You can only compare like with like,comparing what most of MoC's releases are which is classic/world cinema from outside of what are the critically 'canonised' classics with Dawn of the Dead,a film with a massive cult following and built in market is senseless.The same with other independent R2 labels perhaps you could enlighten me but I don't know of any labels releasing extra packed discs of comparible product at rock bottom prices,people like Second Run for example are doing a great job releasing East European cinema but they aren't regularly packed out with extras.If you wait you can pick up all of MoC's titles at some point for around the £10 I don't see how anybody can grumble with that.


< Message edited by Jasiri -- 13/6/2007 7:20:54 PM >

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Post #: 99
RE: New Masters of Cinema Titles - 15/6/2007 3:54:42 PM   
directorscut


Posts: 10597
Joined: 30/9/2005
quote:

ORIGINAL: Jasiri
Even for things which would probably really benefit there's still no point in spending time and money on the recording and on bringing someone in to do a commentary just for the sake of it,unless you get someone with sufficient knowledge to provide context and insight into the film and also be able to communicate that to the viewer it's pointless.


This is my problem. Why record in a studio? It costs an awful lot of money to do that and when you're on a budget obviously this will lead to picking and choosing over what to do it on. As you say MoC is a website for fans of these directors. It would be very easy for people to record comments and send them over the net. One of the my favourite commentaries was recorded over a phone. The quality was awful but the information was terrific (ironically this commentary probably cost a lot to record considering the phonebill).

quote:

The commentary from Kent Jones and Phillip Lopate on Mikio Naruse's Sound of the Mountain being a case in point,the book with the set provides a wealth of background and information and includes writing from Lopate whose knowledge and passion for Naruse's work is obvious but the commentary adds little or nothing to the appreciation of the film.


I haven't heard this commentary (boxset too expensive at the moment) but it strikes me as the tye of extra I objected to. Why bring in film critics who probably cost a lot when an enthusiastic fan would do a better job for nothing?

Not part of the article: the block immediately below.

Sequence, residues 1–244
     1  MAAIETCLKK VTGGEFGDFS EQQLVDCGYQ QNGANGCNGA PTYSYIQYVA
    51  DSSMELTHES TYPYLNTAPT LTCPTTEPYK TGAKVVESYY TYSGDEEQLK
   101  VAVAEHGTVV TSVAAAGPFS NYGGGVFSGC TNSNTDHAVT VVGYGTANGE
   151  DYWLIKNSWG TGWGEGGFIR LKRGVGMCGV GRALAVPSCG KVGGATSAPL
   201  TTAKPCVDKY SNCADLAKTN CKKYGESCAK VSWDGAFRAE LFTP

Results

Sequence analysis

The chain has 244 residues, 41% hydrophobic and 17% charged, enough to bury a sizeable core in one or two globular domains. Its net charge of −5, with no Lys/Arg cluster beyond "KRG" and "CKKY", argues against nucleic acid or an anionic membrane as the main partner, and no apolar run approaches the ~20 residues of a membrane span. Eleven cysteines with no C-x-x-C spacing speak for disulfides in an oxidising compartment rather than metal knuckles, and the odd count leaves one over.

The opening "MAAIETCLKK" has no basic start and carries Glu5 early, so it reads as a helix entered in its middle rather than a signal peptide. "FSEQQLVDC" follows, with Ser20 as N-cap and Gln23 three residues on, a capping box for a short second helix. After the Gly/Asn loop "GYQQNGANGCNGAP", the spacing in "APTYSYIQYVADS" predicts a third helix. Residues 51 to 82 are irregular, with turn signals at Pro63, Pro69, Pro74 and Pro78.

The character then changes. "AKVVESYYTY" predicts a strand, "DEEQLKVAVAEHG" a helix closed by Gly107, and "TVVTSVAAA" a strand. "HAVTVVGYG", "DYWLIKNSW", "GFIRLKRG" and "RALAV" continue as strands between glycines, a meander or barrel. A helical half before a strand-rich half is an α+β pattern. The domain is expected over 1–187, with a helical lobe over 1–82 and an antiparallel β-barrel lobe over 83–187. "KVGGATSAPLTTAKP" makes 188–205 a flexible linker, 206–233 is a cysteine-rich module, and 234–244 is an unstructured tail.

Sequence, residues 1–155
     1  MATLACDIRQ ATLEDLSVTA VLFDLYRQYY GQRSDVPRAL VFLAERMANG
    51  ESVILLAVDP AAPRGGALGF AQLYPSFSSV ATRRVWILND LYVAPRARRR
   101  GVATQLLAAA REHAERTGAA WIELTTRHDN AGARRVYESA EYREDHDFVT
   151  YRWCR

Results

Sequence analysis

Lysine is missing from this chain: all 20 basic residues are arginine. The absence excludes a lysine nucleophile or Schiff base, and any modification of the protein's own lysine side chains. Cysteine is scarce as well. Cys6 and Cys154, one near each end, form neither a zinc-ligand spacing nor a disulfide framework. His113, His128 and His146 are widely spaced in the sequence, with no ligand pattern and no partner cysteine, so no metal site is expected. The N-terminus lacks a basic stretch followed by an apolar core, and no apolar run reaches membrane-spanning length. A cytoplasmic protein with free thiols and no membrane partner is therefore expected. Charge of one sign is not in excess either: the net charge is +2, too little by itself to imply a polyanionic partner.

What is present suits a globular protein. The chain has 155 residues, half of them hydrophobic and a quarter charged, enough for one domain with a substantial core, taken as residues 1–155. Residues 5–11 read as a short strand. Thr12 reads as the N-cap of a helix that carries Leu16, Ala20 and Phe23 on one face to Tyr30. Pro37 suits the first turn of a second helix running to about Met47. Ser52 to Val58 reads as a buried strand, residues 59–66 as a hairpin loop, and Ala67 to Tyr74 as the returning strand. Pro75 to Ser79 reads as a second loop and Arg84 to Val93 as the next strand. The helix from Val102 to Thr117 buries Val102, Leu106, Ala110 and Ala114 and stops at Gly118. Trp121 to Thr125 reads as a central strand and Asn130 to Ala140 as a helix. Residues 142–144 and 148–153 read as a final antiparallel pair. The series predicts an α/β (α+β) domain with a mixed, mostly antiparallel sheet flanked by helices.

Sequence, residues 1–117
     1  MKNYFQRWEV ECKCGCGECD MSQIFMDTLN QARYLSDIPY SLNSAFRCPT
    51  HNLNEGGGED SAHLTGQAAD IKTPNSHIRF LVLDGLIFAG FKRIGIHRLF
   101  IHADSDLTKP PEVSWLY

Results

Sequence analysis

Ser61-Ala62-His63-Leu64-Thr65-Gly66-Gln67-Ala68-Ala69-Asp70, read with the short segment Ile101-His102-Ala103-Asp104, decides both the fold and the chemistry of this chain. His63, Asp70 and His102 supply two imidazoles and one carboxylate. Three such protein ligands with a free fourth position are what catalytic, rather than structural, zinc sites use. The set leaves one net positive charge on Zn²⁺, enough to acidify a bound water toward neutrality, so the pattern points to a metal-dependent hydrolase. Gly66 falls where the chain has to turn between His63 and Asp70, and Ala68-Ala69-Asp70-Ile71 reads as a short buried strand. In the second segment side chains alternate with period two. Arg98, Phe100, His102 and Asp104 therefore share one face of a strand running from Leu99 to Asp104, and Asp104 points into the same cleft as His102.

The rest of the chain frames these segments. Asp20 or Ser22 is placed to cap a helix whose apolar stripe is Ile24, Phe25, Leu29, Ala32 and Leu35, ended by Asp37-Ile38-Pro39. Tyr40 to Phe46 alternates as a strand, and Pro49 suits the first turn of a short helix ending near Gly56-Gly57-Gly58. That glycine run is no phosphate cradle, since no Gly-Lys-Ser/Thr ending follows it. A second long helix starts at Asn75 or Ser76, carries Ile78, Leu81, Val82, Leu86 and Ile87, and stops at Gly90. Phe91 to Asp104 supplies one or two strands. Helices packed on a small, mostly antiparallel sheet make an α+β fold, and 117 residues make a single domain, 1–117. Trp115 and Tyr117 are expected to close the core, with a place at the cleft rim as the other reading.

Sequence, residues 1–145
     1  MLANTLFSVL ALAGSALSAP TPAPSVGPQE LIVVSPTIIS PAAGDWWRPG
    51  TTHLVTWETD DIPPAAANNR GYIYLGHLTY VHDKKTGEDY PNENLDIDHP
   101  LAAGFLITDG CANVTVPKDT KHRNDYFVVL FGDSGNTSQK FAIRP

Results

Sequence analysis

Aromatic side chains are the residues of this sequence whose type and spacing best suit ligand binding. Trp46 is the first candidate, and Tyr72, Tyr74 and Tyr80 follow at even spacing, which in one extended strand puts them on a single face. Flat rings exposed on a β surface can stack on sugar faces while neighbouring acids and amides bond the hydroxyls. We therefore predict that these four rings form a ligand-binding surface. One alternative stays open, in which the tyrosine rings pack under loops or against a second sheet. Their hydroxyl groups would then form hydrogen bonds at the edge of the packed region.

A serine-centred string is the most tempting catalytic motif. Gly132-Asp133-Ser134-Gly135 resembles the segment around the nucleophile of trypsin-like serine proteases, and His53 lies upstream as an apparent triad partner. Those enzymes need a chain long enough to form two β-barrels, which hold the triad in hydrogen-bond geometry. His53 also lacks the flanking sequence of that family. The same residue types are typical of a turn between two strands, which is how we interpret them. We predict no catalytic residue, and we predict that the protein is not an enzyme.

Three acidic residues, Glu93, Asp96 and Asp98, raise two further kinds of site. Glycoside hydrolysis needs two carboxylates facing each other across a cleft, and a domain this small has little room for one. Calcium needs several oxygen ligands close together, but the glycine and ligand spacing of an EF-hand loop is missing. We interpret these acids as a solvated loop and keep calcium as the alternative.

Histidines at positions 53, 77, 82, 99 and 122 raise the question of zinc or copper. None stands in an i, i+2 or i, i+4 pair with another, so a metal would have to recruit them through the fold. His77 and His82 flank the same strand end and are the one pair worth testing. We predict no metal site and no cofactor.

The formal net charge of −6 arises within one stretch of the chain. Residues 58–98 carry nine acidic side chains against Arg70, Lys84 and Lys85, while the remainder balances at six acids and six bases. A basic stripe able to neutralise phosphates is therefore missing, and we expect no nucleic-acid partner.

quote:

I'd rather look at the positives of their so far excellent efforts at trying to provide quality films in the best way they can rather than nitpick over what I imagine they could of or should of done.The people behind MoC are after all primarily just film fans who ran a website and got into a collaboration with Eureka to set up the label.I don't doubt for a second where Nick & Co's motivations lie but their ambitions have to be balanced with financial realities,it has to be run as a viable business or Eureka will pull the plug.


Although my posts are probably negative (though I would consider it hopeful at what could be done) I do think MoC and Eureka do an excellent job and really hope they continue to put out quality films for a long time. But I think if you have disappointments about something you should voice them. Nothing but praise can cause people to become complacent, like Warners.

quote:

You can only compare like with like,comparing what most of MoC's releases are which is classic/world cinema from outside of what are the critically 'canonised' classics with Dawn of the Dead,a film with a massive cult following and built in market is senseless.The same with other independent R2 labels perhaps you could enlighten me but I don't know of any labels releasing extra packed discs of comparible product at rock bottom prices,people like Second Run for example are doing a great job releasing East European cinema but they aren't regularly packed out with extras.If you wait you can pick up all of MoC's titles at some point for around the £10 I don't see how anybody can grumble with that.
]

Maybe being on a budget has made me selfish or maybe it has given me a heighten sense of value for money but I find it extremely hard to put down £9.99 for a 2-Disc set never mind a single barebones disc. When it comes down to it if I can buy two films I'm interested in for £12.99 I'd buy them rather than the one for £9.99.
 
It can be said that MoC covers a niche market and that is why the prices remain high but it is a vicious circle. Far less people give the films a chance because of the relatively high price. I would personally own every single one of them if I could find them for the £5.99-£7.99 price range. At £9.99+ I only buy one every once in a while when I can don't find bargains that appeal to me. 
 
I have read that a number of their titles haven't been selling well. Usually if something isn't coming off the shelf you lower the price point to entice people. But I don't see that happening with MoC. I'm sure they would still make a tidy profit from a lower price point. And a tidy profit is better than none at all.
 
Maybe they should threaten each release with OOP status as I picked up The Savage Innocents (which I still haven't watched) pretty damn quickly after learning about that.
 
PS. I would assume that a title like Dawn of the Dead would be more expensive to license and produce because they know it will sell well (to a certain audience). If there are less companies bidding to release something it should be cheaper and easier to acquire.